the new paragraph 2 (s/CN.4./353/Add.10).
That amendment was adopted by 12 votes to l, with 2 abstentions.
66. Mr. WHITLAM (Australia) withdrew his amendment to insert the words "or to have adopted" in paragraph 2 (E/CN.4/353/Add.1).
67. Mr. ORIBE (Uruguay) asked why it was necessary to fix a time-limit, within which States should adopt legislative or other measures to give effect to the rights recognized in the covenant. Ordinarily, such a restriction implied that failure to comply would entail certain consequences. He wondered, therefore, if the Lebanese representative could elucidate the point.
68. Mr. MALIK (Lebanon) had attempted to achieve a compromise which would satisfy those who had preferred the phrase "within a reasonable time" and those who had thought no time limit should be fixed. A definite limitation would. encourage States to amend their legislation to bring it into line with the covenant.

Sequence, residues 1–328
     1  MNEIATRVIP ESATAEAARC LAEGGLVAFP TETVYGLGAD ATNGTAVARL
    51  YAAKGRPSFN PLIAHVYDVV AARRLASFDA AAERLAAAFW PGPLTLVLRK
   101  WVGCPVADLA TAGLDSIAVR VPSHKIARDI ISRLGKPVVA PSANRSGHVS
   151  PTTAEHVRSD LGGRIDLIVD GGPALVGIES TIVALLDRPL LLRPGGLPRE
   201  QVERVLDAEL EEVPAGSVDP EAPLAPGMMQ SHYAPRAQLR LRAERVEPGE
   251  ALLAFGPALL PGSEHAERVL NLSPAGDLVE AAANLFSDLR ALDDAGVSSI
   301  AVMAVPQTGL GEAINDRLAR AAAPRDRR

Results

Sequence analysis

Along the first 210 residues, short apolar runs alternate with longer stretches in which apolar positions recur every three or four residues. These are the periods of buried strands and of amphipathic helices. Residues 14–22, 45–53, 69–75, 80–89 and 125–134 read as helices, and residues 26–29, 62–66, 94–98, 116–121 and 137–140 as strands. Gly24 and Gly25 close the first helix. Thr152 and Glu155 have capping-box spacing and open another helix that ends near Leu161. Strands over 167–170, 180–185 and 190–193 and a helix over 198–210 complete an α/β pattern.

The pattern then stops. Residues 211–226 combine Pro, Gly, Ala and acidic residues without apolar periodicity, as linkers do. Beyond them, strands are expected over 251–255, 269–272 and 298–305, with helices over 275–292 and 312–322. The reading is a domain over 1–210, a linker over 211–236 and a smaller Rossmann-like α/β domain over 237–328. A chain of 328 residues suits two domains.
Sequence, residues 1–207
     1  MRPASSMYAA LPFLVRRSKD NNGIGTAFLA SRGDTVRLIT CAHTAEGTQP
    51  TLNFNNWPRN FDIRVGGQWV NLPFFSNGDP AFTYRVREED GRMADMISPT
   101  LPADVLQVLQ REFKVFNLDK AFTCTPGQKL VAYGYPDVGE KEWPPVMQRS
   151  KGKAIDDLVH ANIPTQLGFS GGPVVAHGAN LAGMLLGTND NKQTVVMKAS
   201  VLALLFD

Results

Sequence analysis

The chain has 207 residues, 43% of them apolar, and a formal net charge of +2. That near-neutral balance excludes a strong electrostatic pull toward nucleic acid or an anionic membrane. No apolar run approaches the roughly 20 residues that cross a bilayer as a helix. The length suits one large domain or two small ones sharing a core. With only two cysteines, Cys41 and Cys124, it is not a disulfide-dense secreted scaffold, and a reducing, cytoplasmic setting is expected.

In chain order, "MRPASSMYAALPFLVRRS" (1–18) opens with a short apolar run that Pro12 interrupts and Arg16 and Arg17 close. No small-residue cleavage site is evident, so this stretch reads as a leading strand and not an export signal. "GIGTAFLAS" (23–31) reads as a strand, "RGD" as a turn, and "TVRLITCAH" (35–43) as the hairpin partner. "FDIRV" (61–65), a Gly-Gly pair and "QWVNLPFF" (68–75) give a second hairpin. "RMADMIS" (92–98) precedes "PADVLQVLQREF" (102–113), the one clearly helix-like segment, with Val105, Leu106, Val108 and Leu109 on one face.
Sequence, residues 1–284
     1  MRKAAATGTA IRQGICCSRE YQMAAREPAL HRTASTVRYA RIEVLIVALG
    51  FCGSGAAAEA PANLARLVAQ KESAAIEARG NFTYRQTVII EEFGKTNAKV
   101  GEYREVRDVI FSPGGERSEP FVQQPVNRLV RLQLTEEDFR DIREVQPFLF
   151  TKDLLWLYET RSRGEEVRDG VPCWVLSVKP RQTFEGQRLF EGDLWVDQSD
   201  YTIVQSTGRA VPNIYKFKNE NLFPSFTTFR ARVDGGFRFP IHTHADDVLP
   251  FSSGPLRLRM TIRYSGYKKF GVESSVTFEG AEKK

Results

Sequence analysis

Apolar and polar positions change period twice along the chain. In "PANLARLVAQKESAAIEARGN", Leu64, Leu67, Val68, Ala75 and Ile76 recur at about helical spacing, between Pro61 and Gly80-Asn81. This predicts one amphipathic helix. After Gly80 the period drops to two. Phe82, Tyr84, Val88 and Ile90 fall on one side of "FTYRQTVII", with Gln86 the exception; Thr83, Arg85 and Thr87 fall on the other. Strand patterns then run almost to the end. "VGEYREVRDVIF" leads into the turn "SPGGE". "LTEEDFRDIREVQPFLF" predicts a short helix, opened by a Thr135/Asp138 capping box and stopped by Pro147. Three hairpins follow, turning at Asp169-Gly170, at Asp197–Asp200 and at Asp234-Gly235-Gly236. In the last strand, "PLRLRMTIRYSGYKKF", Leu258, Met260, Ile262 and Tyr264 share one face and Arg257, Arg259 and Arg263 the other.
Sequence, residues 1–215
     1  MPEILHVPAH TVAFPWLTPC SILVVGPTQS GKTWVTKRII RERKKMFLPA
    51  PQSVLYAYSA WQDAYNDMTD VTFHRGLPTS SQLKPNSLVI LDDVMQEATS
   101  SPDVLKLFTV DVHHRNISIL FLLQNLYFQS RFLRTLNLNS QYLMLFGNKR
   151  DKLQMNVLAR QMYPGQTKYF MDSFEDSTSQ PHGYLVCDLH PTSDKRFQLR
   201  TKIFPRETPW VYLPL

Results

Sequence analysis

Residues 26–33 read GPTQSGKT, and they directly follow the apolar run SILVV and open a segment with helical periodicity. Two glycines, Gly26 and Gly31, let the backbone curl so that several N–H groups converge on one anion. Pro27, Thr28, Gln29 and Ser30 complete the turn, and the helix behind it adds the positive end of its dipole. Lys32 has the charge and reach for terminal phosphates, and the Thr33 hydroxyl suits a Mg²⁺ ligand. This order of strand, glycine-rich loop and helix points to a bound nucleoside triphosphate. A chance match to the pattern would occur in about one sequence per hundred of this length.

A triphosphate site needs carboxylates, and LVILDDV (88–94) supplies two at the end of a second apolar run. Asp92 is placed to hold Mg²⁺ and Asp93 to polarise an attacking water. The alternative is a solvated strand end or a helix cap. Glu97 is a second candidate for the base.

69. The CHAIRMAN put to the vote the Lebanese amendment to substitute the words "three years" for the words "within a reasonable time" (E/CN.4/380). That amendment was rejected by 7 votes to 3. with 3 abstentions.
/70. The CHAIRMAN
70. The CHAIRMAN put to the vote the Australian amendment to Insert the
words "as may be necessary" (E/CN.4/353/Add.10) after the words "such legislative
or other measures" in the new paragraph 2 (E/CN.4/365).
That amendment was adopted by 13 votes to none, with 2 abstentions.
71. The CHAIRMAN put to the vote the Australian and Lebanese amendment to
substitute the word "recognized" for the word "defined" in the last line of the
new paragraph 2 (E/CN.4/353/Add.10, E/CN.4/330).
That amendment was adopted by 13 votes to none, with 1 abstention.
72. The CHAIRMAN put to the vote the whole of paragraph 1 as amended: